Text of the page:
Like all lighthouses, the Phare des Baleines on the Île-de-Ré is an impressive sight as it looks proudly out to the Atlantic Ocean from its rocky vantage point. The phare – French for lighthouse - is based in the commune of Saint-Clément des Baleines. They both take their name from the number of whales that have been beached on this part of the Île-de-Ré in the past (baleine is French for whale). The nearby point where the whales have become stranded is called the Pointe des Baleines.
This popular tourist attraction, with its 257-step spiral staircase and stunning views that visitors can enjoy, is still a working lighthouse. It stands 57 metres tall and on a clear night its powerful light can be seen at a distance of around 27 nautical miles or 50km. It was completed in 1854 having been designed by architect Léonce Reynaud and has been a workign lighthosue ever since.
Originally the Phare des Baleines was powered by oil, though later it was given its own steam-driven power source. After the Second World War it was hooked up to the power grid, though it has its own generator, too, in case of power cuts.
The old tower
The current Phare des Baleines is not the only attraction for tourists to this site at the very edge of France. The threat to shipping along this stretch of Atlantic coastline was recognized long ago. And two shipwrecks in the middle of the 17th century – when both military and commercial shipping was increasing in volume - persuaded the authorities of a need for a lighthouse.
In the Middle Ages it was accepted practice that the debris from shipwrecks belonged to those who owned the stretch of coastline where the vessel foundered. Shipwrecks were common enough, but sometimes locals gave nature a helping hand by luring unsuspecting ships onto the rocks with lights. Along the Charente-Maritime coast and off the Île-de-Ré the custom was to attach a light to the neck of a donkey to draw in ships. The unfortunate sailors who made it ashore were first robbed then and killed.
So Louis XIV's controller general of finances Jean-Baptiste Colbert instructed the building of lighthouses – under a plan devised by the equally illustrious military engineer Vauban - to protect shipping. In particular there were to be two lighthouses to protect the important naval arsenal and shipyard at Rochefort – one on the Île-de-Ré and the other, the Phare de Chassiron, on the Île d'Oléron.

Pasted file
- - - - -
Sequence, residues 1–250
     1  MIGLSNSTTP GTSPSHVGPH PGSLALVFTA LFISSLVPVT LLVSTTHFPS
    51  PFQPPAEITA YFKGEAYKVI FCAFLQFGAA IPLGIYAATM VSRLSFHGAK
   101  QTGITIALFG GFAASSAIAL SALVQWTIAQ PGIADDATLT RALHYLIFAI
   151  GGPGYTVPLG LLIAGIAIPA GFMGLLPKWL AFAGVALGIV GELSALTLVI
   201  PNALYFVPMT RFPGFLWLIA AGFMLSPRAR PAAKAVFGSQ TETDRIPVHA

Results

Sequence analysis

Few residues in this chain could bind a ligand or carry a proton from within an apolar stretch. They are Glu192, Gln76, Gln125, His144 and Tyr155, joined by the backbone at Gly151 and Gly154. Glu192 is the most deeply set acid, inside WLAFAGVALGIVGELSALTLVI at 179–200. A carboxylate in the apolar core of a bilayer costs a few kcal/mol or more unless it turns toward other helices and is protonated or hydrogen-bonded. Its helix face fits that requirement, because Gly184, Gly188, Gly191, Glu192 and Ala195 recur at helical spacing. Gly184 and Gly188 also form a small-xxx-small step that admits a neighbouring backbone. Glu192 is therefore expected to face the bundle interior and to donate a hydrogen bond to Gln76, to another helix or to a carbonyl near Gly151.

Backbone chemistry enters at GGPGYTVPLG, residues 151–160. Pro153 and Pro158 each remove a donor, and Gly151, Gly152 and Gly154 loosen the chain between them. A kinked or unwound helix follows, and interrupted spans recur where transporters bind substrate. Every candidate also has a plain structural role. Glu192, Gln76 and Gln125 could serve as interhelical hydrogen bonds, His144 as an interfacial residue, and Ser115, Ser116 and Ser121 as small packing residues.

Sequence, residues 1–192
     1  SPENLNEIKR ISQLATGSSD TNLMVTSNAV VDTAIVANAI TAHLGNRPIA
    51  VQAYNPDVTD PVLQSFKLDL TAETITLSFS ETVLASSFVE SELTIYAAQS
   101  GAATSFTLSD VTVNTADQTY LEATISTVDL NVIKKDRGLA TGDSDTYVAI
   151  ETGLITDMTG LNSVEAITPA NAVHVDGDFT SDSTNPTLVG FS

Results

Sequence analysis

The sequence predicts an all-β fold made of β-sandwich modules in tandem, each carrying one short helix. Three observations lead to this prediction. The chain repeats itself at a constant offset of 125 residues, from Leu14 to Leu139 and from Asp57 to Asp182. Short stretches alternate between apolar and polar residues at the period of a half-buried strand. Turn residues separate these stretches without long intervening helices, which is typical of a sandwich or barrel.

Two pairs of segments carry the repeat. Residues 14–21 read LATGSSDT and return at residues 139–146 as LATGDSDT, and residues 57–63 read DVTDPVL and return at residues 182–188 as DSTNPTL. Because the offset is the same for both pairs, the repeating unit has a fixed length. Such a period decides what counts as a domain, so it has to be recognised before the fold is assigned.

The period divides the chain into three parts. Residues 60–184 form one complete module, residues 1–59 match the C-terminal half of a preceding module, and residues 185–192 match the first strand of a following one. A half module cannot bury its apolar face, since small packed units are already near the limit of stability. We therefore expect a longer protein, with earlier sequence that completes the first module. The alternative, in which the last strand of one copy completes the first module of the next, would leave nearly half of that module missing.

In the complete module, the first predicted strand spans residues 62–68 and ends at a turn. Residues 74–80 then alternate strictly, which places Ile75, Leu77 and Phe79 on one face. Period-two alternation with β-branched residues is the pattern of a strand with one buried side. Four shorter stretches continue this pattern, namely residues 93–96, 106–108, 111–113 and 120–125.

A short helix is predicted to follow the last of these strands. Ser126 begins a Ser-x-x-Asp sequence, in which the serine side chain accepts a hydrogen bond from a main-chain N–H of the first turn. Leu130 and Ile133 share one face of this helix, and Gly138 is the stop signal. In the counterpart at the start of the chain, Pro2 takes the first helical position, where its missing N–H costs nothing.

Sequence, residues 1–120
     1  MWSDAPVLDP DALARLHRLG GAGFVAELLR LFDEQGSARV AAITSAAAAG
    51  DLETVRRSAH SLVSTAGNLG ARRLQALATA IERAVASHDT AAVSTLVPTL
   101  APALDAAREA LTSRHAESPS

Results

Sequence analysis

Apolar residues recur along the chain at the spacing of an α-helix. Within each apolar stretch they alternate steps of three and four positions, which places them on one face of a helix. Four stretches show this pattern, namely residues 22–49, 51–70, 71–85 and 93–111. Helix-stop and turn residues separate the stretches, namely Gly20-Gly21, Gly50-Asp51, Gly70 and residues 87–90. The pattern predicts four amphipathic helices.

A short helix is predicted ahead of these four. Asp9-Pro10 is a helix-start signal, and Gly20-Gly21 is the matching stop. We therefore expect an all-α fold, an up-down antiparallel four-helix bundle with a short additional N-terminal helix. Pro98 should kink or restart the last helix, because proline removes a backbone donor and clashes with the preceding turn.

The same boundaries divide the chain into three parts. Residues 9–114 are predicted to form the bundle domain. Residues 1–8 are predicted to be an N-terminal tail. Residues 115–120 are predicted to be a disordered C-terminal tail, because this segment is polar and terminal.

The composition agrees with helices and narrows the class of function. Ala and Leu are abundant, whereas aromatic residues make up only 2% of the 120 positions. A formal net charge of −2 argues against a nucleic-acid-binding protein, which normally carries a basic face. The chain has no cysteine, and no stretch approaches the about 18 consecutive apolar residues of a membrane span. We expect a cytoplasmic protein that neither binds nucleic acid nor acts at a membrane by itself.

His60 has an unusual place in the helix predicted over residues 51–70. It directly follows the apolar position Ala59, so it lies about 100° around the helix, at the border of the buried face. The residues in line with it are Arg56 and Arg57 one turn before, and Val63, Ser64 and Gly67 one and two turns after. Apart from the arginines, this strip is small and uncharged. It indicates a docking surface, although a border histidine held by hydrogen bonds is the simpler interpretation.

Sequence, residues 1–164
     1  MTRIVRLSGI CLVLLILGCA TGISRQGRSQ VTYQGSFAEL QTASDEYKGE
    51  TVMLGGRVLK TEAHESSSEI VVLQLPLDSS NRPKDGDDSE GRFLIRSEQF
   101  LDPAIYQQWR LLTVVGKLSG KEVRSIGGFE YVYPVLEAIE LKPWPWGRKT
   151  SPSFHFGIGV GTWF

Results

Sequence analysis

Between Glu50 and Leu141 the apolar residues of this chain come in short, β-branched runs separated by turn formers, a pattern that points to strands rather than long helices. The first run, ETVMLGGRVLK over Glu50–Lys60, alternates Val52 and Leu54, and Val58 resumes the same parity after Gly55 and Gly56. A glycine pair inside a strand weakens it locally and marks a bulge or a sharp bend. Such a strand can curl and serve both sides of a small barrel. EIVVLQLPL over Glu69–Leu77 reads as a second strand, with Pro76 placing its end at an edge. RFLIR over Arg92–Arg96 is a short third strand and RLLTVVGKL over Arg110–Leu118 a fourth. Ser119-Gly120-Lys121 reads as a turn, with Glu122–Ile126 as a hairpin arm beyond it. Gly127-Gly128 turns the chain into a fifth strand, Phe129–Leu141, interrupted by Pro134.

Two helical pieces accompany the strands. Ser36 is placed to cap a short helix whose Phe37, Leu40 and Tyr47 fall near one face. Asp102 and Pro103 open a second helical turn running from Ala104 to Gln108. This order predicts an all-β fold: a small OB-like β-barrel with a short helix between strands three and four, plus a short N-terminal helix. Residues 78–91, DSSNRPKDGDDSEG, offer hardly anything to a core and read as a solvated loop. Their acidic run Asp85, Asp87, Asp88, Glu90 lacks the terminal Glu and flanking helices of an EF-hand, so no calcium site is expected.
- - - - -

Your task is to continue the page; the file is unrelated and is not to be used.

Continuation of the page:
Thus the original Phare des Baleines was built in 1682 by the architect Augier. It was made with stone from the quarries at Saint-Savinien (in the Charente-Maritime) and was three storeys high. Given its superb location the tower served not just as a friendly warning to ships but also as a lookout for enemy vessels.
However by the early 19th century the original 29-metre lighthouse was judged to be not high enough and so the current structure was built. In 1904 the Old Tower was classified as an historic monument and has recently been restored. At its foot now is a museum called the Musée des Baleines, dedicated to the history of lighthouses in France. The museum is in a restored building that originally served as a the home for lighthouse keepers and their families, and which was from 1949 until 1970 a school for lighthouse keepers, welcoming students not just from France but from overseas too, including Algeria.
Yet another attraction for visitors is the two hectare local gardens or parc du phare, which was designed in 1861 in an English style and then redesigned in 1937. There is also a shop and bookstore where visitors can buy books and souvenirs.
The Phare des Baleines is open 7 days a week all year.
October to March: 10.30am to 5.30pm
April to June: 10am to 7pm
19 June to 19 September: 9.30am to 9pm
20 to 30 September 10am to 6.30pm
Visitors can buy separate tickets for the main lighthouse and the museum, or one ticket to visit both.
Lighthouse only: Adults: €3 Children 7-12: € 1.50
Museum only: Adults: €4.20 Children 7-12: € 2.20
Lighthouse + Museum: Adults: €6 Children 7-12: €3
Groups and schools rates also available.
Tel: +33 (0)5 46 29 18 23
Phare des Baleines website
Main image: Kilohn limahn/Wiki
Old Tower: www.lepharedesbaleines.fr